However, ALL of this is open to negotiation. These are standard practices, but vary more and more in this market climate.

Also, be aware that with bank-owned properties the standard allocations are somewhat different. For example, banks often will pay for the buyer’s title insurance policy, assuming the buyer uses a title provider the bank chooses. Or, the bank may defer to the buyer to elect the title company at which point the buyer is responsible for title and escrow fees.

Also, costs like HOA transfer and documentation fees, city and county transfer taxes, and even escrow fees are often negotiated between buyer and seller. Additionally, many times buyers agree to “pay” their customarily allocated fees, but then negotiate a closing cost credit from the seller that covers some or all of that.

Loan closing fees vary significantly by loan type (i.e., FHA vs. conventional). Also, transfer taxes also vary widely in different California counties; I see transactions where buyers need to be prepared to pay anywhere from 2 to 6% of the purchase price in closing costs – depending on the location. Again, this can be reduced if the buyer is able to negotiate for the seller to pay some or all of their closing costs.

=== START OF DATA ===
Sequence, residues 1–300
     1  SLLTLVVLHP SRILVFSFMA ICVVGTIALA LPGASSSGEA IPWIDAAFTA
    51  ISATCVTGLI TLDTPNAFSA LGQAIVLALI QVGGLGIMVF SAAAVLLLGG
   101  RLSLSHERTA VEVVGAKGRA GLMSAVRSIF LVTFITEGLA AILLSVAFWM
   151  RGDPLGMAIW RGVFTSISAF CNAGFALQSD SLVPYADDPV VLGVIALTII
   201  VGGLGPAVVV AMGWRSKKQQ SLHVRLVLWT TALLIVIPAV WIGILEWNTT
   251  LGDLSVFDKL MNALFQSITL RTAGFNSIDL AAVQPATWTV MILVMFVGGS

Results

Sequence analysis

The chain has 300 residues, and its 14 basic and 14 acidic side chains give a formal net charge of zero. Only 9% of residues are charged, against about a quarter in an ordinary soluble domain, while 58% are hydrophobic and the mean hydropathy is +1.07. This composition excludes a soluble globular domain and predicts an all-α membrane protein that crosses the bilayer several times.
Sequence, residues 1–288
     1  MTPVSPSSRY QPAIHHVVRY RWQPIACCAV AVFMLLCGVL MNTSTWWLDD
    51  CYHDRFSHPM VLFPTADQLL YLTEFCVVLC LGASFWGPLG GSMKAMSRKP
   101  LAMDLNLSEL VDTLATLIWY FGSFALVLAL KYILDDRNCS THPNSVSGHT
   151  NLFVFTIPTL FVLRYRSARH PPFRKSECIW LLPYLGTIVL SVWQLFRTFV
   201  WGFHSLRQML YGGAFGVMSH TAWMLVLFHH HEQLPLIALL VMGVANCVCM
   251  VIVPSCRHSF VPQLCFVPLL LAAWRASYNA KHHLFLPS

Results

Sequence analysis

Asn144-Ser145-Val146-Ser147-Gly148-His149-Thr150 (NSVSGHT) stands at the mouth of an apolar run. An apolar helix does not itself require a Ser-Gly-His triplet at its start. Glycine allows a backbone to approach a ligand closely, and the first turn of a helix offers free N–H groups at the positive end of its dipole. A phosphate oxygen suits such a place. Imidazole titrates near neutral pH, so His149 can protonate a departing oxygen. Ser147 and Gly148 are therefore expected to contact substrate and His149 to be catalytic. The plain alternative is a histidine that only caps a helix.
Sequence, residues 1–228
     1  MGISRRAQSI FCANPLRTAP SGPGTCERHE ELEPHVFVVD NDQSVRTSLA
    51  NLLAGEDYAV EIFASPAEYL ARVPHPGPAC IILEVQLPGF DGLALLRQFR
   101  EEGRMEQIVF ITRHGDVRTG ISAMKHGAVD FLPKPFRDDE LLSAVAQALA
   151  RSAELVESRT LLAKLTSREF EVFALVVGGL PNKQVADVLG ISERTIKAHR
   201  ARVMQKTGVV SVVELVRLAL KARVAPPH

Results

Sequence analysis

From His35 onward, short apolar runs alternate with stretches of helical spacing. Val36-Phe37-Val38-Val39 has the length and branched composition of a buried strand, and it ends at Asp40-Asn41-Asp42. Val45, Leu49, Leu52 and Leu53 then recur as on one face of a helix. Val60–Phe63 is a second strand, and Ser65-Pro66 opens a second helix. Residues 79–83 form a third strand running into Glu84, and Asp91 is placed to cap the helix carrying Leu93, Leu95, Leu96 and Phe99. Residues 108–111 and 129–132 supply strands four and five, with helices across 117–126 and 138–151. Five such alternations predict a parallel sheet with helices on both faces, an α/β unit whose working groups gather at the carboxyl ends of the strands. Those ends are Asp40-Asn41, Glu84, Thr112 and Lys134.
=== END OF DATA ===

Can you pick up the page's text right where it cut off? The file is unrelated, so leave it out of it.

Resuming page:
JUST LISTED: 3 Bed 2 Ba in Elk Grove, CA

**JUST LISTED**

8737  Springhouse Way,  Elk Grove: Located in the beautiful Seasons community, this lovely 3 bed 2 bath home is ready for your buyer. Near new hickory laminate flooring throughout, high cascading ceilings, wildly popular open floor plan, and for the cook in the family, you’ll thoroughly enjoy the large counter and cooking spaces for those gourmet meals! So much to see, near great schools, close to fine dining, entertainment, highways, and more.

3 bed,2 ba
1,667 sq ft
Listed at: $277,000

Contact Nick Lacy for showings and more info:
(510) 734-6136 direct
(916) 509-7110 office

One More Time…You DO NOT Need 20% Down

One More Time You Don't Need 20% Down | Keeping Current Matters